You could button the piston, I used glue on delrin buttons from airrifleheadquarters in my Diana280


Thanks for the info. I was thinking about riveting some bronze inserts :?:


Riveting.... :shock: :|

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PostPosted: Sun Jan 26, 2020 1:20 pm 
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Ace wrote:
airmec wrote:
GarthThomas wrote:
You could button the piston, I used glue on delrin buttons from airrifleheadquarters in my Diana280


Thanks for the info. I was thinking about riveting some bronze inserts :?:


Riveting.... :shock: :|


Yup, riveted bronze buttons :wink: . I still have to flat spot and drill the piston, but here's a preview:


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finished_button.JPG [ 84.21 KiB | Viewed 240 times ]
set_of_4_buttons.JPG
set_of_4_buttons.JPG [ 72.11 KiB | Viewed 240 times ]
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PostPosted: Sun Jan 26, 2020 10:50 pm 
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Ive heard of braising some buttons on

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PostPosted: Sun Jan 26, 2020 10:59 pm 
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interested to see how this turns out... 8)
even though brass is a little softer then steel
your still going to have metal to metal contact
that's why they use delrin...

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PostPosted: Sun Jan 26, 2020 11:24 pm 
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Ace wrote:
interested to see how this turns out... 8)
even though brass is a little softer then steel
your still going to have metal to metal contact
that's why they use delrin...


That's a good point, but I don't use brass, I use industrial grade bronze alloy designed for very high loads and wear, the kind used for bushings for example. Very hard to machine, be it with razor-sharp HSS 5% Co or sharp carbide inserts for SS. It's self-lubricating by itself, and with WS2 lightweight paste, it's almost as slippery as Teflon. Also I mirror polished the compression tube walls for the Teflon seal, I guess the buttons will like riding on that smooth surface 8) . I must also say that it's an experiment in itself, I want to see what it'll do :lol:


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PostPosted: Mon Jan 27, 2020 6:21 am 
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I’ve had many B18/19 based guns apart for spring replacements and the like. From what I recall there is very little room to stroke the crosman guns . I believe less than 1mm before the seal is past the cocking slot. If there is indeed some room there by shortening the piston the swept volume will increase. Don’t forget to open the slot for the cocking arm by the same distance. Please post more pics , maybe of the piston in the tube at full stroke. Some measurements would be good too.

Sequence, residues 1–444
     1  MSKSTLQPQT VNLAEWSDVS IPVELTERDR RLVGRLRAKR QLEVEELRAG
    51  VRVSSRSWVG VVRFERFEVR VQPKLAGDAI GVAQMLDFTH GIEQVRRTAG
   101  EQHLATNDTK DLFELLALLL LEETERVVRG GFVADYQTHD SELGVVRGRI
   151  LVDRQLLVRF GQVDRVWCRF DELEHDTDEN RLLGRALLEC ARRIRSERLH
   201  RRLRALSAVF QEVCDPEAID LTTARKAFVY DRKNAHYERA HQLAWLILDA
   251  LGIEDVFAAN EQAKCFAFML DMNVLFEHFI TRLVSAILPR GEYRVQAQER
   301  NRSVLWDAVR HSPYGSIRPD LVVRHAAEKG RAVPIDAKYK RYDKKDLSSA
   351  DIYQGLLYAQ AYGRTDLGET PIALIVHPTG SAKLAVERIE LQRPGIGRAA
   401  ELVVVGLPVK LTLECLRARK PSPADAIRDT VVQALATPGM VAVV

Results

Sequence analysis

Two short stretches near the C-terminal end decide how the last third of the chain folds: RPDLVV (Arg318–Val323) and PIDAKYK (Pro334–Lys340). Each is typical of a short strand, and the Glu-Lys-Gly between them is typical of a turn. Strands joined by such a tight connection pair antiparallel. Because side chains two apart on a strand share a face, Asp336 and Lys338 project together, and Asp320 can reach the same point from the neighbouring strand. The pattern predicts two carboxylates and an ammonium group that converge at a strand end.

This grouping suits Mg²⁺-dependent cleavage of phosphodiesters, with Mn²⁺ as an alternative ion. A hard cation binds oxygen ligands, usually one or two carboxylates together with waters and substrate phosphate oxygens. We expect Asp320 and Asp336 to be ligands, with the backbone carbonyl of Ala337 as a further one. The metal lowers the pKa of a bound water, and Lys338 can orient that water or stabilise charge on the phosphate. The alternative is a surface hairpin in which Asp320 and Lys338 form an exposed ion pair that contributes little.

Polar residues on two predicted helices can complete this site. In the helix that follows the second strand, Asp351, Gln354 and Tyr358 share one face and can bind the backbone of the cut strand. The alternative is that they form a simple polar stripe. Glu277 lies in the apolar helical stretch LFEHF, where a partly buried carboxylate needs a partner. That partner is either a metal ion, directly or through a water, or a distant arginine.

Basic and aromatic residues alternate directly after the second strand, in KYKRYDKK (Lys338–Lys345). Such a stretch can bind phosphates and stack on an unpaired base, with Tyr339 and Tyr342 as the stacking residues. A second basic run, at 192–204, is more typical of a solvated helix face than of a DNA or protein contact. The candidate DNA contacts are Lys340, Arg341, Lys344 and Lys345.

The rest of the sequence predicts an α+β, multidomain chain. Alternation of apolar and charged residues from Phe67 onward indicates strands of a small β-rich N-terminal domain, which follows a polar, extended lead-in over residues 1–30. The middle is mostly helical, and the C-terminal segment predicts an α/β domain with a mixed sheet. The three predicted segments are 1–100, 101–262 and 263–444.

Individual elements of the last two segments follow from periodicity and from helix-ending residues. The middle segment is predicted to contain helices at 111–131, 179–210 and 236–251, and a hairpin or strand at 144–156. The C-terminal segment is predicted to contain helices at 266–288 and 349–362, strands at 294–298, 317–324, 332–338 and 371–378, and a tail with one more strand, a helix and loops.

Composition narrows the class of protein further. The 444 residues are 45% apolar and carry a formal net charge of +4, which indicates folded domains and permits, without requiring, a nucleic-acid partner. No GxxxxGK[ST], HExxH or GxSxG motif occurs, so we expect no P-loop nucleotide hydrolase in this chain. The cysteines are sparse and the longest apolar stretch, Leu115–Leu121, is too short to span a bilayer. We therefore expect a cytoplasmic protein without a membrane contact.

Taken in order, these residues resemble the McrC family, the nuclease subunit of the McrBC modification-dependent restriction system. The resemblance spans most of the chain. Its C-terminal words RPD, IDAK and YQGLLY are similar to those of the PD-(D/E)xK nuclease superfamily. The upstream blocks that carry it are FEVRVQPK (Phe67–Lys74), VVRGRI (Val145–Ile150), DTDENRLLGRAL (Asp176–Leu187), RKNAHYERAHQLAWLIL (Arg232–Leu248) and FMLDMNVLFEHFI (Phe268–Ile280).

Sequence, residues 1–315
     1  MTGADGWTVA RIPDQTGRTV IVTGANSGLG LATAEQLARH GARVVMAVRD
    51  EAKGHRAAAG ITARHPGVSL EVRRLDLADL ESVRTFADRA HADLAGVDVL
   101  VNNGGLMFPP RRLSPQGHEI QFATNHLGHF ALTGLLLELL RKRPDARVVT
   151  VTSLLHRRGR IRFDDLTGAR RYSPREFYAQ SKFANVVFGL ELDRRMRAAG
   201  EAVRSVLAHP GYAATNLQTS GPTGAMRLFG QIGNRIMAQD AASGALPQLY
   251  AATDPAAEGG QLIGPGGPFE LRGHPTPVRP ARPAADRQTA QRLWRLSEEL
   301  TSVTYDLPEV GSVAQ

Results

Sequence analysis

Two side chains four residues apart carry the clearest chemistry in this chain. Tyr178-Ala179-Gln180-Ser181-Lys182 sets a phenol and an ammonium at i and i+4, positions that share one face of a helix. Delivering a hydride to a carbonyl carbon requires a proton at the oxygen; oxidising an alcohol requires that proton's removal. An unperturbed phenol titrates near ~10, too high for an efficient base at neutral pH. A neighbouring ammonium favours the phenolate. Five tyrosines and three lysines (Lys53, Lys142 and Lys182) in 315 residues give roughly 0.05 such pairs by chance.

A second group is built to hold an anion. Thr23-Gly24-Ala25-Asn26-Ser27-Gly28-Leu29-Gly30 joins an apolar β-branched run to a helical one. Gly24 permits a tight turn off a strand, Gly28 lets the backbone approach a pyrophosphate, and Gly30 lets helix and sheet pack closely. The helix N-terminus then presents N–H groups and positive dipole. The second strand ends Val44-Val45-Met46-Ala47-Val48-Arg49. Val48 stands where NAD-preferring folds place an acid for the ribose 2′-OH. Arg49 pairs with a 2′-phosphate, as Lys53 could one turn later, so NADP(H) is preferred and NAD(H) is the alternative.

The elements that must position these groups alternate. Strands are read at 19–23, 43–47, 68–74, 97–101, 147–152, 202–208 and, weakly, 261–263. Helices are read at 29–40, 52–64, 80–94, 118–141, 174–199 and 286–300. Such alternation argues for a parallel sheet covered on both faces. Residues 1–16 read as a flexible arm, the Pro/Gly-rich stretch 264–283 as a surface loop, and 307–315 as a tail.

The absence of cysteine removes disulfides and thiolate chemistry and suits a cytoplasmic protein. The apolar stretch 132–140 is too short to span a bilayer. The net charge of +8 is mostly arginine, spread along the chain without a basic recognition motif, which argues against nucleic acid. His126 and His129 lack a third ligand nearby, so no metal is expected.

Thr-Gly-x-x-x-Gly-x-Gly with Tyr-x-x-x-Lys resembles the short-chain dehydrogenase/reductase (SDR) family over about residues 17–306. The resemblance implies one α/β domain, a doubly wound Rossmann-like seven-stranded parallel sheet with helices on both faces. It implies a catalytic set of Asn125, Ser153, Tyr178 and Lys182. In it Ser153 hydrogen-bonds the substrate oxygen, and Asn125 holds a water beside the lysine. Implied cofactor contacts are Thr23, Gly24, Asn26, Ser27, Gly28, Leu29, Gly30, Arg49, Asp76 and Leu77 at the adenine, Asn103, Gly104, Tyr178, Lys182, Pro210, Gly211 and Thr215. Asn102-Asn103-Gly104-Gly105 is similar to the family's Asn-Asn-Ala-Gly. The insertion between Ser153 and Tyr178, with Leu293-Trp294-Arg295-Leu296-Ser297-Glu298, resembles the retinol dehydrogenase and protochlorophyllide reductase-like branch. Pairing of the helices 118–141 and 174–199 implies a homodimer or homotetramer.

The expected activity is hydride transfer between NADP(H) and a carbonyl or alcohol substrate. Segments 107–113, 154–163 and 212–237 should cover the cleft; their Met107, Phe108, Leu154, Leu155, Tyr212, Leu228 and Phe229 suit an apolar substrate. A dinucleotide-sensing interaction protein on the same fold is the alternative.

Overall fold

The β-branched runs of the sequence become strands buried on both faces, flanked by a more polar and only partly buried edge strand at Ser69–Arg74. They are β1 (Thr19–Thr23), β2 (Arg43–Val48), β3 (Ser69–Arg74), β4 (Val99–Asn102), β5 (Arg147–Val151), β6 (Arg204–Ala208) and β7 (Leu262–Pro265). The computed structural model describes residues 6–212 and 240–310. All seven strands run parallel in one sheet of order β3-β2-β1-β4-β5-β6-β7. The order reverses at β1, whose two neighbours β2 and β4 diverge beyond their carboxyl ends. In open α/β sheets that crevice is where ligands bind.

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PostPosted: Mon Jan 27, 2020 6:23 pm 
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Mirror finish means ALL the lube gets wiped away by the seal. Imo the cylinder works best with a cross hatch finish. Anyways keep us posted on results. Also make changes one at a time or you will be endlessly frustrated if something does not work.

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PostPosted: Mon Jan 27, 2020 9:17 pm 
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Hobbyman2007 wrote:
I’ve had many B18/19 based guns apart for spring replacements and the like. From what I recall there is very little room to stroke the crosman guns . I believe less than 1mm before the seal is past the cocking slot. If there is indeed some room there by shortening the piston the swept volume will increase. Don’t forget to open the slot for the cocking arm by the same distance. Please post more pics , maybe of the piston in the tube at full stroke. Some measurements would be good too.


I have been able to extract 0.100'' (2.5 mm) more stroke with the mods I made. :)

In the first picture you see on top the Benji tube with shorter piston, bottom a Crosman Optimus with the same exact action, stock configuration. There's about, by coincidence, 0.100'' of space between the end of the cocking arm and end of slot, which I lost by shortening the piston. I actually ground the piston cocking slot and cocking arm ''shoe'', 0.050'' each.

Second picture is the angle at which the barrel breaks when at ''full cock''.

Third picture, you see the front of the cocking slot in the tube. With the piston cocked the seal is still at least 1/4'' from reaching the slot.

Today I flat spotted and drilled the piston for the bronze inserts, just need to install and machine them to size, and I'll be able to test the rifle with that piston at last!


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Piston_position.JPG
Piston_position.JPG [ 50.15 KiB | Viewed 177 times ]
cocked_barrel_angle.JPG
cocked_barrel_angle.JPG [ 82.09 KiB | Viewed 177 times ]
cocked_short_piston.JPG
cocked_short_piston.JPG [ 30.54 KiB | Viewed 177 times ]